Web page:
So, you’ve been commissioned to create XY’s new website, and you’ve stepped into the project. Your at the stage to begin mocking up your design, but don’t know where to start. Need a hand? Wire-frames could lead the way…
When you create a wire-frame, you’re restricting your mind to focusing on what truly matters – the websites content. That is, we’re taking away all the graphical elements and simply labelling them from number 1, upwards; we’re breaking the site down into key content areas, which allow us to move them about much easier than if you had already started on header graphics and such forth.
To demonstrate this the easiest way, we’re going to pretend that we are a designer currently working on Fisherman’s Delight website – Client A requires a website for his fishing committee to post news & updates of the goings on at his local club. After our discussions at several meetings, we’ve found what he needs to display on his home page, shown in the list below:
- Site Name/Logo
- Navigation Bar
- Introduction to the website
- Featured Article
- A more detailed overview of Fisherman’s Delight
- News Entries
- Footer containing contact information
What we are going to do now is take each of these areas, and think of them as what they truly are – content blocks of information. Our own methods of wire-framing take either the course of pencil & pad or Photoshop – either is okay. We can now create as many wire-frames as we’d like, moving the content blocks position & also their sizes, to create different design layouts. Here are a couple mock-ups including how they affect the content to the user.
Notice how we’re not touching on any visual elements – simply the website’s content. This allows us to see & decide on a layout which will help Fisherman’s Delight reach their viewers in the way we wish for, not just simply look nice & fancy.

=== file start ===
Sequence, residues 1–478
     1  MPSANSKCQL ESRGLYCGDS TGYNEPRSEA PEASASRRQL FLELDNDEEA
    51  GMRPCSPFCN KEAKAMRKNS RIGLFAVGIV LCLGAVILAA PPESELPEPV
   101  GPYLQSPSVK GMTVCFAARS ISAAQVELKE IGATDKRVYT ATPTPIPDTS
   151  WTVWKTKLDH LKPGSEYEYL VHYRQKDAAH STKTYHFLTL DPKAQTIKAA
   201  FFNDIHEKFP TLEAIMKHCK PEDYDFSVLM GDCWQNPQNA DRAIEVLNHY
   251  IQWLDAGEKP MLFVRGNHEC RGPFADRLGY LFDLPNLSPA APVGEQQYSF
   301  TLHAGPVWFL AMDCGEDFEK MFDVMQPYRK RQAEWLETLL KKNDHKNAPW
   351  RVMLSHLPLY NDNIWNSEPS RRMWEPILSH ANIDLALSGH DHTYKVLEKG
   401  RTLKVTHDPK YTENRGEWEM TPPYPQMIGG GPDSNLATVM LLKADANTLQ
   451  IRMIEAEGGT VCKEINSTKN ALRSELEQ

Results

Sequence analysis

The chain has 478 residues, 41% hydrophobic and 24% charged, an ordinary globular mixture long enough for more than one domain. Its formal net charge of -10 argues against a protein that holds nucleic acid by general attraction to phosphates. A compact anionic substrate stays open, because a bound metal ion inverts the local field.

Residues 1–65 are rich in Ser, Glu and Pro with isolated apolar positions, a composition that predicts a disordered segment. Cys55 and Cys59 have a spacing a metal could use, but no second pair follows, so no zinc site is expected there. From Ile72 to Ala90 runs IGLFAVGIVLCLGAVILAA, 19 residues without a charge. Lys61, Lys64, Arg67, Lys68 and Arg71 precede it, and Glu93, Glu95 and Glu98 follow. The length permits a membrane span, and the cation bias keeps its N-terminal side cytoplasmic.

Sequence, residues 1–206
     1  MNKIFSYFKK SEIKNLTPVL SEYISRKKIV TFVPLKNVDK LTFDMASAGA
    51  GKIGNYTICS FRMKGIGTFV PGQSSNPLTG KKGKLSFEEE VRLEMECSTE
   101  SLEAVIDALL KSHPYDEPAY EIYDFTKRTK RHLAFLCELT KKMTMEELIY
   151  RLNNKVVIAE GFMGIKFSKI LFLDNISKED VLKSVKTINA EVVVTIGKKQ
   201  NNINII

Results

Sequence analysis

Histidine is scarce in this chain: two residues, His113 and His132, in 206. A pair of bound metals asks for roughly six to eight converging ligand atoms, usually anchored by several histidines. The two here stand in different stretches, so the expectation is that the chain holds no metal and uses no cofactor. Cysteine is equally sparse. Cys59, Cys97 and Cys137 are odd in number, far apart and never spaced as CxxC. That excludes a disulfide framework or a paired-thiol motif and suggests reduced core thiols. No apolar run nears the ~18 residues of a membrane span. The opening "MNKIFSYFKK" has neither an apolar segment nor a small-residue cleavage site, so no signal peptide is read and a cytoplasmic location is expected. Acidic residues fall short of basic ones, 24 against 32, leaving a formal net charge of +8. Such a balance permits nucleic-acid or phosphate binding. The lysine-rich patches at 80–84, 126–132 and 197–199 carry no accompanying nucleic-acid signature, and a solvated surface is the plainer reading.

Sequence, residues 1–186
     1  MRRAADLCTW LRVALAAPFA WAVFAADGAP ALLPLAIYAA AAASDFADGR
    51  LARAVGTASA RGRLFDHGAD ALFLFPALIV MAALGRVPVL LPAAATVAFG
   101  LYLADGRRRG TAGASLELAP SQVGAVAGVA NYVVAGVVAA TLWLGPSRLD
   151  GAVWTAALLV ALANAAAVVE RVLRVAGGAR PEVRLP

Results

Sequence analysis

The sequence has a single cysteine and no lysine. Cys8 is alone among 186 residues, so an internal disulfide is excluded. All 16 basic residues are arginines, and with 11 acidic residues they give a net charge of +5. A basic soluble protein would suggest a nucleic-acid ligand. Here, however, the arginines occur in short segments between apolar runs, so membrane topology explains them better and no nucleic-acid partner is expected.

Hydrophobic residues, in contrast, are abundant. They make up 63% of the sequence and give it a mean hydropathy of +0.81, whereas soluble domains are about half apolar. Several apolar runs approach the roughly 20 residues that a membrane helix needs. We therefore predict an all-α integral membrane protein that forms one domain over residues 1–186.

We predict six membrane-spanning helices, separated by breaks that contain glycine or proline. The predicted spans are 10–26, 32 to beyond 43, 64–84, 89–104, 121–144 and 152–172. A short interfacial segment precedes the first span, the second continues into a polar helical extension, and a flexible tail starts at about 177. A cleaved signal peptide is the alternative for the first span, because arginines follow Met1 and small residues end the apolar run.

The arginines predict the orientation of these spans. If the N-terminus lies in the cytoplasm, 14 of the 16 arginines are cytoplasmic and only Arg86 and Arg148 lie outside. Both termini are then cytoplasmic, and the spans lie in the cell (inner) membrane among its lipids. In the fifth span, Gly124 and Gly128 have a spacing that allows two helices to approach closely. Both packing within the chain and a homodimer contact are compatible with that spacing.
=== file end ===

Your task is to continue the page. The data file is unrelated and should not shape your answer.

“Speed & Flexibility”
One of the great things about using the wire-frame technique is the speed & flexibility you’re offering yourself as a designer. You can quickly see how different layouts would turn out. It also removes any possible frustration you might create from having to spend the time creating a Photoshop design, only to realise half way through that it isn’t working.
“We can decide where to take our users, instead of simply hoping for the best”
Depending on the order & size of your content blocks, we effect how our users are going to read through or scan our website. Through different wire-frames we can anticipate how this would play out, and thus decide on a design which takes our users where we want them to, instead of simply hoping for the best from our Photoshop design.
The best part of wire-frames – and why we enjoy using them so much, is how once we choose on one or several to work with, we’ve still got the entire design elements to look into: colour schemes, fonts, the lot! But the fact is now we’re already travelling in a direction that is going to work for our website – a layout we’ve tied down to build upon.
From here we can try out many different colours, fonts & design elements, knowing that whichever combination we end up with, our users are going to be able to view and discover our content the way we truly intended.
At the same time, we can easily step it back, and review our wire-frames if we feel something is missing or needs to be added. We know it takes little time to draw out some more 🙂
So to wrap up, we think wire-frames are awesome! They allow you the ease of trying out various designs, incrementally changing them and deciding which works in a super-fast environment that is both productive & enjoyable.
Although our example of Fisherman’s Delight is a relativity small & simple website, the use of wire-frames can be seen greater on a larger, wide-spread website (check out Jesse’s article in our further reading). We encourage you to try out wire-frames on your next project, whether personal or commercial – and see where it can take you.